Ocean temperatures rising faster than previously thought

Eloise Marshall
January 13, 2019

The oceans are warming at a faster rate than was thought, according to the biggest analysis of sea temperatures so far.

The planet is "clearly warming", according to the analysis.

The latest report relied on four studies, published between 2014 and 2017, that gave more precise estimates of past trends in ocean heat, allowing scientists to update past research and hone predictions for the future.

A resident of Pariahan village pumps drinking water from a well, on November 28, 2018 in Bulacan, north of Manila in the Philippines. The results provide further evidence that earlier claims of a slowdown or "hiatus" in global warming over the past 15 years were unfounded.

(Imaginechina via AP) Landscape of the Great Barrier Reef in the Coral Sea off the coast of Queensland, Australia, 2018.

"It's mainly driven by the accumulation of greenhouse gases such as carbon dioxide in the atmosphere due to human activities", Lijing said. As a outcome, ocean warming has also accelerated faster than scientists expected.

The oxygen content in the world's oceans has decreased since 1960, an average of more than two percent, found a study at the Geomar Helmholtz centre for ocean research in the year 2017. Also, the quality of older ocean data has been substantially improved, and there are both better and independent methods that account for the sparseness of ocean data before Argo era.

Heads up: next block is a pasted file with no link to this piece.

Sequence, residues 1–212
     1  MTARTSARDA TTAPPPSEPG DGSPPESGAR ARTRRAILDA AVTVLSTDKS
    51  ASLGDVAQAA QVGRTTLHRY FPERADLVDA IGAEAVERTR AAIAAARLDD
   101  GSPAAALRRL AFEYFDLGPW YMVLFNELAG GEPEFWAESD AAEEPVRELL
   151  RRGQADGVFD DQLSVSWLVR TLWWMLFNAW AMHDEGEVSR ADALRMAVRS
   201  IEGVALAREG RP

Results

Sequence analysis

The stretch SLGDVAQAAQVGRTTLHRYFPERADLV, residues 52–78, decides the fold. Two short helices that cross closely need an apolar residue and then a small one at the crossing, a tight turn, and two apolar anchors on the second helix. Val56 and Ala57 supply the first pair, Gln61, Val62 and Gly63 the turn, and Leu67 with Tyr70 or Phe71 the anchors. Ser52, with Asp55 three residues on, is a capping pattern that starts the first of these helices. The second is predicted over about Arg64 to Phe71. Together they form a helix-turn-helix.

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This thermal expansion will lead to a temperature rise of 0.78 degrees Celsius by the end of the century - raising sea levels a foot (30cm) on top of that caused by melting glaciers and ice sheets.

The fact that the oceans are warming is no breaking news.

A separate study on Monday, by the European Union's Copernicus Climate Change Service, said 2018 was the fourth warmest year for global surface temperatures in records dating back to the 19th century. 2015 is next warmest, although 2016 was the hottest for the global mean surface temperature, but that was in part because of the huge El Niño event that took place: the extra heat at the surface was at the expense of the ocean which cooled off slightly.

Nearly 200 nations plan to phase out fossil fuels this century under the 2015 Paris climate agreement to limit warming. US President Donald Trump, who wants to promote US fossil fuels, plans to pull out of the pact in 2020. If, however, humans act and can reach the goals set by the Paris agreement, ocean warming could be cut in half by 2081-2100, the authors said.

A warmer ocean also contributes to increases in rainfall and leads to stronger and longer-lasting storms like Hurricanes Florence and Harvey.

People jump into the Atlantic Ocean during the annual Polar Bear Plunge on New Year's Day in Coney Island on January 1, 2019 in the Brooklyn borough of New York City.

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